In-Depth: Swine Fever Turns Dream of Chinese-Danish Star Pig Farm Into a Nightmare
If there’s an ideal place for raising pigs in China, Mingshui county in the northern hinterland of Heilongjiang province is it. Four and a half hours by road north of Harbin, the area offers perfect geographic and biological conditions, “just like the Midwest of the U.S.,” according to Bjarne Pedersen, a Danish farm-design expert.
This is where a Chinese-Danish partnership set out to create a showcase pig farm back in 2016. They aimed to introduce Denmark’s advanced pig-raising technology and farm management practices to China. Investors backed by the provincial governments of Heilongjiang and Zhejiang on the coast far to the east joined with Denmark’s sovereign wealth fund in the project.
Today, the dream has turned into a ghastly nightmare. China’s outbreak of African swine fever led to the annihilation of all 73,000 pigs on the partnership’s Eurasian pig farm, operated by Heilongjiang Eurasian Animal Husbandry Co. Ltd. Investors were left with losses of more than 100 million yuan ($14.9 million).
It is the biggest death toll recorded on a single pig farm in the African swine fever epidemic that hit China since last year, according to China’s Ministry of Agriculture. The disaster led to allegations that Chinese workers failed to comply with advanced protocols designed to prevent such widespread infections. It resulted in the departure of most of the partnership’s Danish experts, a lawsuit over service fee payments and the punishment of several Mingshui officials.
The Eurasian pig farm represents one battle lost in China’s protracted war against the pig epidemic since the first case was reported in Shenyang last August. In the world’s largest pork producing and consuming nation, nearly 1 million pigs have died or been slaughtered because of the disease as of mid-March, according to official data. Remote Hainan, Xinjiang and Tibet are the only regions in the mainland free of the disease.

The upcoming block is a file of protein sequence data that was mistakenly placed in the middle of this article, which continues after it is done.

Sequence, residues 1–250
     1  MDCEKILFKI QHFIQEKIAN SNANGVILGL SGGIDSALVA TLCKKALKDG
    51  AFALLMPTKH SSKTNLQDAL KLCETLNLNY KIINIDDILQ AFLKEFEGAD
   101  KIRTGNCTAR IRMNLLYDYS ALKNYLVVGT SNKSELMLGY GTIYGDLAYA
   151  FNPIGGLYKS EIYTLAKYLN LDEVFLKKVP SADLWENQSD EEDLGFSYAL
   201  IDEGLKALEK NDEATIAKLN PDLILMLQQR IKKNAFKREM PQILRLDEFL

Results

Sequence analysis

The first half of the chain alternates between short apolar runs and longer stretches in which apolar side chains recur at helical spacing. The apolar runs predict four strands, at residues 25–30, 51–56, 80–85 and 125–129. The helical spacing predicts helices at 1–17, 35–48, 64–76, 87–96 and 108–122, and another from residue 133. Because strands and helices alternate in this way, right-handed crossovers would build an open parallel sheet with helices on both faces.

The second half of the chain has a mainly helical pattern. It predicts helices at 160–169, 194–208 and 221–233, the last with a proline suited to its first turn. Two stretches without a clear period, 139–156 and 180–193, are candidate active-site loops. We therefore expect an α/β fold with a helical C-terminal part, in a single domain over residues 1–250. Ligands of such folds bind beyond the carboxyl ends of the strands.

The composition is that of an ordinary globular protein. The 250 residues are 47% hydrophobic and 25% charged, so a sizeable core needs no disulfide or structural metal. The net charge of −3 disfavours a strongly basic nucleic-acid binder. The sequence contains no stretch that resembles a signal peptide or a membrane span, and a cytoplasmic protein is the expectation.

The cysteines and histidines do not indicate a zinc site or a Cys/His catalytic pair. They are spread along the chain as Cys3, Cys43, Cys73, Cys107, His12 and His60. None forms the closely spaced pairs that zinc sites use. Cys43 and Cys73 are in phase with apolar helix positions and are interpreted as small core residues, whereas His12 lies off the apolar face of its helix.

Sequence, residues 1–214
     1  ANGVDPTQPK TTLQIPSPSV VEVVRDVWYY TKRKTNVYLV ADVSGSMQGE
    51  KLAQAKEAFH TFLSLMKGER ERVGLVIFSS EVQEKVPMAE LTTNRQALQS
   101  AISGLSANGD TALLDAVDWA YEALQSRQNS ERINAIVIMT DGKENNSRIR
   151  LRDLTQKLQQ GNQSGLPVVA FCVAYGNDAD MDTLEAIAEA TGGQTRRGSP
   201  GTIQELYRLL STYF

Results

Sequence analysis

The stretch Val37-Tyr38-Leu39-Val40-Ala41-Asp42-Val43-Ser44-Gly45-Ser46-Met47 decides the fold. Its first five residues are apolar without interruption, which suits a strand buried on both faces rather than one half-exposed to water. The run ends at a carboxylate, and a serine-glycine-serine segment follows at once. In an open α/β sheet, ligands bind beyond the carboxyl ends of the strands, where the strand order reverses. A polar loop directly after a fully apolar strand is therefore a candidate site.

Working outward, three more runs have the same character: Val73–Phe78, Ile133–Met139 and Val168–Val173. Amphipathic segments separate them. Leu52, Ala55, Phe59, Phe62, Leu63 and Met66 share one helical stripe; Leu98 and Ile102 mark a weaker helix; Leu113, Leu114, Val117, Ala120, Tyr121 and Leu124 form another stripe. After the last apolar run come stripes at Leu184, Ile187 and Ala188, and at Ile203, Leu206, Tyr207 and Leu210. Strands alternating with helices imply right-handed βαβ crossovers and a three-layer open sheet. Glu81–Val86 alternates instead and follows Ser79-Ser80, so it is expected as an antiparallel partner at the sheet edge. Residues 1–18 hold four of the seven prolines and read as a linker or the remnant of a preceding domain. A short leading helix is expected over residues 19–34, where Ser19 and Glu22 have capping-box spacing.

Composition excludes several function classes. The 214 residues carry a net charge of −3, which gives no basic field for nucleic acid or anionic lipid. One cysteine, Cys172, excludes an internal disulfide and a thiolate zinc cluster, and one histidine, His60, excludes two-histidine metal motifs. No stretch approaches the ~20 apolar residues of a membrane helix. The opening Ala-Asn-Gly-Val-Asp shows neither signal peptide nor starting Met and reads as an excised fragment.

The highly contagious virus, though not harmful to humans, is lethal for pigs. There is no cure or vaccine, so the most effective means of controlling outbreaks is to kill pigs that may have been exposed to the virus.
The en masse death of pigs raises questions of why and how the disease can spread so rapidly even at star farms like Eurasian, which are supposed to be equipped with the highest biosafety standards.
Loss of control
Pig deaths started to rise at the Eurasian farm in mid-November, several workers at Eurasian told Caixin. Given the scale of the farm, though, the mortality rate didn’t seem extraordinary, they said.
“At first, no one thought about the African swine fever,” one worker said.
The first case of suspected African swine fever was reported by the farm’s veterinarian to management on Dec. 17, another worker said. The farm quickly treated the herd with a vaccine for the less deadly classical swine fever before the case could be confirmed.
One week later, the disease suddenly exploded with more than 300 pig deaths in one night, on Dec. 24, according to another worker at the farm. As of Dec. 29, when Eurasian reported the infection to authorities, 3,766 pigs were dead of the disease. In early January Eurasian slaughtered the rest of the herd over several days.
A Eurasian executive said the pig farm had tightened controls on accessibility to pig houses and stepped up disinfection efforts after China’s first swine fever case was reported. But officials at the agriculture ministry in January put the blame on Eurasian for disinfection flaws that allowed the virus to spread across the farm through pig transport vehicles and workers.
Yu Kangzhen, vice minister of agriculture, at a Jan. 8 conference sharply criticized Eurasian for its operation of the pig farm and said disagreements between the farm’s Chinese and foreign managers hindered its disease-control efforts.
Several Eurasian sources argued that the pig farm’s biosafety control outperformed that of most counterparts in China but were rendered ineffective in the face of the severe epidemic.